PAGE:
When the Chinese artist Chiang Yee visited the International Exhibition of Chinese Art in London, 1935, he felt slightly embarrassed. Although it pleased him immensely that the exhibition was a huge success, drawing thousands of visitors, Chiang Yee found that it did not manage to guide the public’s attention beyond the decorative qualities of Chinese art.
Especially in the section dedicated to calligraphy it was evident that people were left to admire the strokes, splashes, and blobs woven together to form the happiest patterns, as they were given no guidance of how to interpret these signs.
Chiang Yee felt that this was a display of disrespect: to Westerners with a desire to investigate intelligently the significance of Chinese calligraphy–and to the tradition itself, not the least. As he was himself an experienced calligrapher, known as The Silent Traveller, Chiang Yee decided to offer his services and it was agreed that he could hold a series of lectures at London’s School of Oriental Studies.
To prepare for these lectures, Chiang Yee wanted to learn the Westerner’s attitude towards Chinese art, and especially to calligraphy. Curious to know how Westerners would approach a subject with so little affinity to the cultural context of the West itself, he read a number of books where he was repeatedly met by well-informed research wrapped up in a diffuse discourse of wondering comments and mistaken conceptions.
It was not due to intellectual incapacity or a lack of factual knowledge that a discursive mist tended to surround the subject of Chinese calligraphy. Not at all. Chiang Yee had only the greatest respect for the dedication and discipline of the authors. No, it had to do with the attempt to make an analogous comparison of the alphabetic letter and the Chinese character: a method that simply did not work because alphabetic letters and Chinese characters belong to two radically different sign systems.
Instead, Chiang Yee concluded, a comparison of the alphabetic letter and the Chinese character had to be conducted according to difference. By observing dissimilarities in the formal arrangement of words and sentences, Westerners could learn to appreciate the significance of Chinese characters.
Take the degree of variation of arrangement, for instance: whereas the alphabetic arrangement has little variation, due to the finite and limited amount of letters, the formal variety of Chinese calligraphy is unlimited because each character is a composition of several elements and therefore infinitely construable.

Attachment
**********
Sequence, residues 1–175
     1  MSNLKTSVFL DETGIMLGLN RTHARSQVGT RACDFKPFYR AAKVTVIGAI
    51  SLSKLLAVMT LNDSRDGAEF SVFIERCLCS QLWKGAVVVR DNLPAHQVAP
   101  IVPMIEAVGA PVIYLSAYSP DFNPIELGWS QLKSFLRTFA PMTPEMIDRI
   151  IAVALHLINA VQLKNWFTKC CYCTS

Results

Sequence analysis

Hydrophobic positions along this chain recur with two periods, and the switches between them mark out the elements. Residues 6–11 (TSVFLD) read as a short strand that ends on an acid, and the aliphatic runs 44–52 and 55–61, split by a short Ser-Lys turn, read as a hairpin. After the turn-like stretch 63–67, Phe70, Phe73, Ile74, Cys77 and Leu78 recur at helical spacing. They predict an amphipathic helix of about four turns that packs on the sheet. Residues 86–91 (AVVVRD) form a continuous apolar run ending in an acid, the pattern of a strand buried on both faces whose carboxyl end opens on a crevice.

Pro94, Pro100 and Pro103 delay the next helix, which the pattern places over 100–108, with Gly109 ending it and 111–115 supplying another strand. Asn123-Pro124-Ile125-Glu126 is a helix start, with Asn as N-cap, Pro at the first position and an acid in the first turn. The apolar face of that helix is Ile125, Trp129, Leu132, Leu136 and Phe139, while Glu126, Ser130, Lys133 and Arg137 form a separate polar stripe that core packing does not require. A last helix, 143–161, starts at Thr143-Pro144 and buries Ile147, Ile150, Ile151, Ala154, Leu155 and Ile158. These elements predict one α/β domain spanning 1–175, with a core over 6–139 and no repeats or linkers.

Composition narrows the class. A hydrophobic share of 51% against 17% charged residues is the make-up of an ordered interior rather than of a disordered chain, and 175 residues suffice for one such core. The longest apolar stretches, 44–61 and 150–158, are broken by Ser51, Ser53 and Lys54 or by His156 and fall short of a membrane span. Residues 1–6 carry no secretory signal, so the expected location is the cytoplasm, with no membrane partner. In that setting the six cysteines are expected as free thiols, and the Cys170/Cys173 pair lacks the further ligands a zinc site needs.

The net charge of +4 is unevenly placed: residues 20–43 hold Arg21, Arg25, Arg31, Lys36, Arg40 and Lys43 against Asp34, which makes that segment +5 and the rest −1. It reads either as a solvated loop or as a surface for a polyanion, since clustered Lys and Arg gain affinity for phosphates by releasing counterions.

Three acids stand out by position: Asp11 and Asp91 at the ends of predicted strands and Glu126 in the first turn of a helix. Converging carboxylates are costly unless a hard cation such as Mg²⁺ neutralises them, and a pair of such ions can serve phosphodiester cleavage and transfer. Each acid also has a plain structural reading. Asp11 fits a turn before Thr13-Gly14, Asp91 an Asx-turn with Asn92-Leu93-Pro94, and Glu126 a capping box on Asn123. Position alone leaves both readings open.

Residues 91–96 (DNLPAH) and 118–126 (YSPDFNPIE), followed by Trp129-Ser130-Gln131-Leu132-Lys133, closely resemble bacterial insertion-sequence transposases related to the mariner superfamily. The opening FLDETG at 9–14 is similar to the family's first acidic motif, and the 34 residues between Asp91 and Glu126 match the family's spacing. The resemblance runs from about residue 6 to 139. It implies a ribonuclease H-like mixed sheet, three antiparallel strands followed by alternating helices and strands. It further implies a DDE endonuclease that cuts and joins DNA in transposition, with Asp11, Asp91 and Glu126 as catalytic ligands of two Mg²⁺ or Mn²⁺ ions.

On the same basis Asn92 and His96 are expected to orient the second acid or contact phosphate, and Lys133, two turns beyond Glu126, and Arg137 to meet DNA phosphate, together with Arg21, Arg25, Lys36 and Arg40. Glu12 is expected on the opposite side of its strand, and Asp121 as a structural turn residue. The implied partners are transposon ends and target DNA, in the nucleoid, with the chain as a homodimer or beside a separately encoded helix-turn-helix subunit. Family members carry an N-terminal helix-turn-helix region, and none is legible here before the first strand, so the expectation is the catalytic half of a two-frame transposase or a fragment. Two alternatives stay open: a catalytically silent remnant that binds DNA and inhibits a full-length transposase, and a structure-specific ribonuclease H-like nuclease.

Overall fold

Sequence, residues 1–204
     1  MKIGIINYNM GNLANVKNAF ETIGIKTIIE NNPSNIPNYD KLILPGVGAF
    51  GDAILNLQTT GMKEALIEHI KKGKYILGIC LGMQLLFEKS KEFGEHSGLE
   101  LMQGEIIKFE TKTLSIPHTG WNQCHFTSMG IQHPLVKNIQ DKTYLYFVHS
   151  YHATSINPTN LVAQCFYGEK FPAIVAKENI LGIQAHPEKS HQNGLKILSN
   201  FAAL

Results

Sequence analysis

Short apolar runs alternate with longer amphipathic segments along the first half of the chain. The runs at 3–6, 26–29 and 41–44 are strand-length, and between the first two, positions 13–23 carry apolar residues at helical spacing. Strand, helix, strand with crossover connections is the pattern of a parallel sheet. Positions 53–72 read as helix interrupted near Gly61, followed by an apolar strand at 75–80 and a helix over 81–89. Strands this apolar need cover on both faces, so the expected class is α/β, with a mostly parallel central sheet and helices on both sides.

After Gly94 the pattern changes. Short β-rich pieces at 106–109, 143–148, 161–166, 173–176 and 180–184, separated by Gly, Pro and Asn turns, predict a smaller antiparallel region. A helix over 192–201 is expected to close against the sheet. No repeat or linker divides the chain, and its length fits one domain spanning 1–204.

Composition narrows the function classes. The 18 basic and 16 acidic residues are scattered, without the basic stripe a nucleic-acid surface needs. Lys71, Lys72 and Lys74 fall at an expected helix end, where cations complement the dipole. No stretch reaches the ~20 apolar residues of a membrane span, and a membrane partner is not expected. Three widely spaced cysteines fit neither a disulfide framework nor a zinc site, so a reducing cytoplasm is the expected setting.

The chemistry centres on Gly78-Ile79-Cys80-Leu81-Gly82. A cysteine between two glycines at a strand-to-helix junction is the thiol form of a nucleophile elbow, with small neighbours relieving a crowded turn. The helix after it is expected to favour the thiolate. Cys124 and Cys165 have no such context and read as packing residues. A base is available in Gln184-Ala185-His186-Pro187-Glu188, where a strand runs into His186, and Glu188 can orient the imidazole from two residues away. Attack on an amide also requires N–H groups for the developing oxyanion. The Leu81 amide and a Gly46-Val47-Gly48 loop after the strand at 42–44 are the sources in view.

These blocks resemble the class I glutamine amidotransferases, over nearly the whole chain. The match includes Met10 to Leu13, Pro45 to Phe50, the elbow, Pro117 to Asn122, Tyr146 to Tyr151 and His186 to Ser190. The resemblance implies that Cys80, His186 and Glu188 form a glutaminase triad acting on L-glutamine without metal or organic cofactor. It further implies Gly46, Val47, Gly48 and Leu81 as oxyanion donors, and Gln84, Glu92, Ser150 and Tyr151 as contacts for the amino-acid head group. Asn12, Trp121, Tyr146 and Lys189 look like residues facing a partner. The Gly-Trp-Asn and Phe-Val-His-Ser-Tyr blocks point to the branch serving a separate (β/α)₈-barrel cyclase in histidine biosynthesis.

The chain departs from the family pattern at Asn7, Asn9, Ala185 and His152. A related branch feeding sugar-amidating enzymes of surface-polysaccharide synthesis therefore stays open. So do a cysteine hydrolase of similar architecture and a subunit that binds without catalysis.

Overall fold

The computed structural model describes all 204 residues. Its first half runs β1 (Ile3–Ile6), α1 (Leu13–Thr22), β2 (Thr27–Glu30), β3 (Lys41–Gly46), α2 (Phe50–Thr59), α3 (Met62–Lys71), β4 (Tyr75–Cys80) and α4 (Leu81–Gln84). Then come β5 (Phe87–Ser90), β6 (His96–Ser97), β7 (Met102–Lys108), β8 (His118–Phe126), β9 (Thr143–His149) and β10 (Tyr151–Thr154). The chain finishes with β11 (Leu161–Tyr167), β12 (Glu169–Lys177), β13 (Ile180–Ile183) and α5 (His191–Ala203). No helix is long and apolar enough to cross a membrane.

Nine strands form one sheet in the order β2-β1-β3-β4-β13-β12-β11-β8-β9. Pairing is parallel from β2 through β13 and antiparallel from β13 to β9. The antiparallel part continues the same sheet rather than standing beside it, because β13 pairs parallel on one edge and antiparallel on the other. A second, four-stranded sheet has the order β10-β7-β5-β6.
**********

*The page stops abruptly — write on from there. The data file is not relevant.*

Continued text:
Also in the everyday use of letters and characters immediate differences are apparent. Referring to the appearance of shop-signs as an example, Chiang Yee claimed that the formal qualities of alphabetical letters are transferred into shop-signs that strive towards stylistic identity, while, on the other hand, the Chinese characters effectuate shop signs that tend to appropriate the situation and the context of their appearance.
As his research progressed, Chiang Yee found that the two sign systems appeared to have very little in common, if anything at all. Every aspect he studied added just another disconnection, another disruption, to the overall picture of his comparisons that became still more complicated to get hold on.
How could he, for instance, explain to a Westerner that in Chinese there is not one character only for such a thing as water–of which there are many forms: rivers, lakes, seas, oceans, etc.–but several, each describing a different form of water, down to distinctions between great and small rivers, calm and rough seas? How do you compare this mass of ever changing characters with one single word?
The more comparisons he made, the less was he capable of holding the two sign systems together. The more he insisted in doing so, the more they came apart. Worlds apart. As if one world, the Chinese one, is build from characters that comprise thought, sound, and form; as if this one world gains appearance by abstraction, affect, and ideas. And as if the other world, the West, originates from words composed of sound symbols intended for pronunciation; as if this other world comes into being by the presence of the human voice.
Chiang Yee realized that a comparison conducted according to difference would only expand the distance between the two sign systems. That was anything but his intention and he sensed that another way of thinking was needed. He had to leave the alphabetic sign system to itself. He had to commence his lectures from within the Chinese characters, so to speak, and decided to make the legend his point of departure.
Accordingly, Chiang Yee began his lectures on Chinese calligraphy referring how Chinese characters were invented by Cangije, a bureaucrat under the legendary Yellow Emperor. Inspired by his study of the animals of the world, the landscape of the earth, and the stars in the sky, Cangjie invented symbols called zì (字)–the first Chinese characters. And the legend relates that on the day the characters were created, people heard ghosts wailing and saw crops falling like rain.
Søren Andreasen (1964) is an artist based in Copenhagen.